“I’ve seen a couple of Americans,” rings out over the din in the bar in a thick Irish accent. We met Tim, Joanne, Dave and Patrice backpacking through Central America and haven’t seen them since we parted ways in Boquete, Panama in October 2008.
Turns out Brugge and Irish kids have one distinct factor in common: beer. We commemorate our arrival in the overpriced hotel bar and continue the celebration in a tiny local haunt we find beyond the tourist areas. Turns out Brugge and Chris have one distinct factor in common, too: lasagna.
Early the next morning, C and I steal away for a quiet walk outside the canals through idyllic neighborhoods. We eat pastries and drink bold coffee. Brugge is lovely in the morning before the throngs of tourists either awaken from drunken slumber or arrive by the busloads.
We catch a tour of De Halve Maan (The Half Moon) Brewery with our dear Irish friends. Together we climb up and down what seems like thousands of tiny steel steps and view brewing equipment of yesterday and today. This is the last operating brewery in Brugge, owned by the sixth generation of an old brewing family. Our reward for climbing all those steps? A free beer! Well okay, and a phenomenal panoramic view of the quaint little town.
As we enjoy our free beers in the brewery’s sun-filled café, I reflect back on how we met these friends during a coffee plantation tour in Panama (see the Where We’d Live if We Could entry from our T&C in Central America blog). Much like this moment, following that tour we gathered in the sun and sampled the coffee and made plans for future adventures together—and here we are.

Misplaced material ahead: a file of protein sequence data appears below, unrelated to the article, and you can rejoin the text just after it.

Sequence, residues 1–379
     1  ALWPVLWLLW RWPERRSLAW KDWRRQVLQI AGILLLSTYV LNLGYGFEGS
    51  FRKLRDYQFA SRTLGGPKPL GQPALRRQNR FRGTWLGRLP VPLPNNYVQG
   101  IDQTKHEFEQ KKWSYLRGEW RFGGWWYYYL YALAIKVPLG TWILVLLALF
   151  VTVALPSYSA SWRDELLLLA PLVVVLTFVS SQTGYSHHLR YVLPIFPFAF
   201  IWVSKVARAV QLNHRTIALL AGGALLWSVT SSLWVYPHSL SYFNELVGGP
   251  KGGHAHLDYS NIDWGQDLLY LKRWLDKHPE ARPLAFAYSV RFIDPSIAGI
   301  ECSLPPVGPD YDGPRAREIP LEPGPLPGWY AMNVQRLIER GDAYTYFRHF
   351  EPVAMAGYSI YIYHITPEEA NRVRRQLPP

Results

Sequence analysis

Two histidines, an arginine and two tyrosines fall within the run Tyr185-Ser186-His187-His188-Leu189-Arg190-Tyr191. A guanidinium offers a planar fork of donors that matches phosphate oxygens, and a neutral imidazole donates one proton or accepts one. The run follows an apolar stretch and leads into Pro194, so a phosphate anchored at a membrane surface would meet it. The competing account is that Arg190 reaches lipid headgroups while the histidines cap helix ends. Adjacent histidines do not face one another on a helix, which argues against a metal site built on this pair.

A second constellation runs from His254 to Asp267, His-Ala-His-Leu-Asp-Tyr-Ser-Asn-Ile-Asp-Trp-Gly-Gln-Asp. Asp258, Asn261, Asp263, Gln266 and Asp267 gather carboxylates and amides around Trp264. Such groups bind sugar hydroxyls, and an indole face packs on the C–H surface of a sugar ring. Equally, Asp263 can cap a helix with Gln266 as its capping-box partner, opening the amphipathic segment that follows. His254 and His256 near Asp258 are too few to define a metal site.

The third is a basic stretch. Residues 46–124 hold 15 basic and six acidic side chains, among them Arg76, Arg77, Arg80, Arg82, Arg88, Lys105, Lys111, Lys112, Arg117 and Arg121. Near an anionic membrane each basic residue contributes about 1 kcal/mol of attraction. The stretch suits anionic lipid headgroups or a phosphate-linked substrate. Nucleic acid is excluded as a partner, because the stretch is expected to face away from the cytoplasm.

For lunch that day and dinner that night and lunch the next day, Chris again eats lasagna. He claims that he feels some need to advise future travelers to Brugge on where to get the best, cheapest lasagna in town. However, each meal is accompanied by Duvels (beer named after the devil) and C, for the life of him, can’t remember which lasagna he likes best.
In addition to beer and lasagna, the lot of us consumes inordinate amounts of fresh, locally made Belgian chocolate. And who would think that amid all these indulgences exist art, architecture and culture so cherished by locals that restoration is a top city priority?
We raise a few last brews before we part ways with Tim, Joanne, Dave and Patrice. As they board their train for Brussels and C and I wait for our train to Antwerp, he says something about how the best friendships can pick up right where they left off. And that he probably won’t have lasagna again for awhile.